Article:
Since blacks and Latinos are more likely to get arrested than whites, the database’s existence raises the question: Who desires a molecular identity? (The individual? Or the state that seeks a means of control?)
When Jabloner spoke with a 23andme scientist who works on assigning races to gene variants, the 23andme scientist insisted, “they [the 23andme customers] just want to know.”
On one level, that’s true. But many of the people who are most curious about their genetic ancestry are the people least at risk of suffering due to genetics-based laws. Affluent white people (myself included) generally aren’t particularly scared of being labeled by scientific institutions and the U.S. government, because science and the U.S. government usually work in their favor. They’re less likely to be arrested and less likely to be convicted of a crime they didn’t commit, based on faulty DNA evidence.
Private gene sequencing companies like 23andme advertise knowing your genome as being empowering. Jabloner noted that many 23andme customers feel “entitled to molecular visibility for herself”.
But what exists as a curiosity-satisfying form of empowerment for one social group can be an unfair form of surveillance for another.
So now what?
My Personal Response
Some journalists (not to mention scientists) I know are very skeptical or even dismissive of STS scholars. They say, “Oh, they just argue but never decide what they want us to do” or say “Oh, they’re just showing off how smart they are.” (STS is pretty much the academic equivalent of parkour, so a lot of the talks did feature rhetorical backflips of questionable necessity).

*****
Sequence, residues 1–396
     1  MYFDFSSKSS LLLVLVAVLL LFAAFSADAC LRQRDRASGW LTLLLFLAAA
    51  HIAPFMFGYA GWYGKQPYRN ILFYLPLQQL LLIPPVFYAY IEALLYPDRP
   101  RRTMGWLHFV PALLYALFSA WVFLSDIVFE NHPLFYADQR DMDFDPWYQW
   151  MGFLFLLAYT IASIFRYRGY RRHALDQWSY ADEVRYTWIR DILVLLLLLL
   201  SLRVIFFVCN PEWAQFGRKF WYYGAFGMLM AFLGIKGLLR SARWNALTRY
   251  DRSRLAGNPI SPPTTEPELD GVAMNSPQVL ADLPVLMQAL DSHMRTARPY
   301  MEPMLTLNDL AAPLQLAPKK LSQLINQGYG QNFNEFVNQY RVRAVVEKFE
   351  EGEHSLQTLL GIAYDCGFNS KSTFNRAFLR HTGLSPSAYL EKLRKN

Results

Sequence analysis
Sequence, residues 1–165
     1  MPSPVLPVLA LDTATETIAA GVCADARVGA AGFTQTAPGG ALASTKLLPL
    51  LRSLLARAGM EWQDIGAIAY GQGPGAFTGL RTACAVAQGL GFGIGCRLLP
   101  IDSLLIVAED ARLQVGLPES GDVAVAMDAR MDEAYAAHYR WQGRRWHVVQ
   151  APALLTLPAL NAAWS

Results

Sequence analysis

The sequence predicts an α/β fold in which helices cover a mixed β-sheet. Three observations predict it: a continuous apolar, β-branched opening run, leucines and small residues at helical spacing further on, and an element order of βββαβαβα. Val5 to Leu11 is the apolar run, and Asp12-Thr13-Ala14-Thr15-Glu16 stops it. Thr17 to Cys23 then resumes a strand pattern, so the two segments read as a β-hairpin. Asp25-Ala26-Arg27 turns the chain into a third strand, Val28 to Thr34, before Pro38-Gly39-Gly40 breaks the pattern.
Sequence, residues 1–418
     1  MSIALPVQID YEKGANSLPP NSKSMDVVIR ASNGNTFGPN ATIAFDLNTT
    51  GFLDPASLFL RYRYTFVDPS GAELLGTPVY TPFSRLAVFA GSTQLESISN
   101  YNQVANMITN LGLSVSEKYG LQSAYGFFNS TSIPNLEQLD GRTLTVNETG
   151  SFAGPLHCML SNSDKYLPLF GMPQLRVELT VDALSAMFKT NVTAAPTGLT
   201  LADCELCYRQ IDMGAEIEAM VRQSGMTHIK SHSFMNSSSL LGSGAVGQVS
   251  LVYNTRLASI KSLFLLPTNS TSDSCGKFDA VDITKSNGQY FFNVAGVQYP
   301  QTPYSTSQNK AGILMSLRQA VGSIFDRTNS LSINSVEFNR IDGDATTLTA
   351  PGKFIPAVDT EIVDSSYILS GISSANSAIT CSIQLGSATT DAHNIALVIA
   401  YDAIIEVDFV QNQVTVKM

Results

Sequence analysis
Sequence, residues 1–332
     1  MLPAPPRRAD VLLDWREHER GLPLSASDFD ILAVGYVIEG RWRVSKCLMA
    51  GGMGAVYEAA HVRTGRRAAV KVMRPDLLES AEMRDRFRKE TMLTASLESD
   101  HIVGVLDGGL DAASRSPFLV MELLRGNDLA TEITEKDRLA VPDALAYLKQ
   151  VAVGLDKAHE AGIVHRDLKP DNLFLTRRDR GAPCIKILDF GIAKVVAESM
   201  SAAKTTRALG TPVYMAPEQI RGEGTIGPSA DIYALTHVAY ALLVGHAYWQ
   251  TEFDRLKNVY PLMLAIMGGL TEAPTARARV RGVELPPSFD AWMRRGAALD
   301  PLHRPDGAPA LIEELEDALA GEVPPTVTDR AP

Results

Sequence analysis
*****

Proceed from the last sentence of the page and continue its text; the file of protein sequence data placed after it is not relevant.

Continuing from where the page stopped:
But too often, harried journalists forget that there’s actually a sizeable population of very smart academics who study the issues we cover in extreme depth. We leave them out of stories and end up simply repeating the stories that the scientists tell us. (Personally, although I think scientists have loads of fascinating stories that deserve to be told and get super-irked when scientists’ perspectives get left out of policy decisions, there are also people on science’s receiving end who have far less access to reporters. Their stories need to be part of science journalism, too.) That’s a problem.
From where I sit, in a posh Boston suburb populated by Harvard Medical School’s alumni and lab techs, the way governments use genetics seems incredibly 1954-like, while the scientists have largely moved on to investigating epigenetics, microbiomes, metabolisms, and synaptic pathways as the sites of molecular identity. However, old ideas are hard to kill.
Racism is still very much with us, and gene sequencing is very much still a tool that can be used by racist institutions to validate their actions. During the wrap-up portion of the conference, Harvard’s Sheila Jasanoff–who is pretty much the Grand Dame of Harvard STS– said that the ideas that come up in Ivy League sociology workshops need to be “democratized”.
I, for one, agree. And there were far more ideas at this conference that deserve more discussion. Check back for Parts 2 and 3 of this recap on Monday. [Update 5/9/16: Due to technical issues, Part 2 will debut on Tuesday, and part 3 will debut on Thursday.] Until then, cheers!
Governments and scientific institutions still routinely collect genetic info–among other kinds of biometric data–on people and use it to back up systemic racism.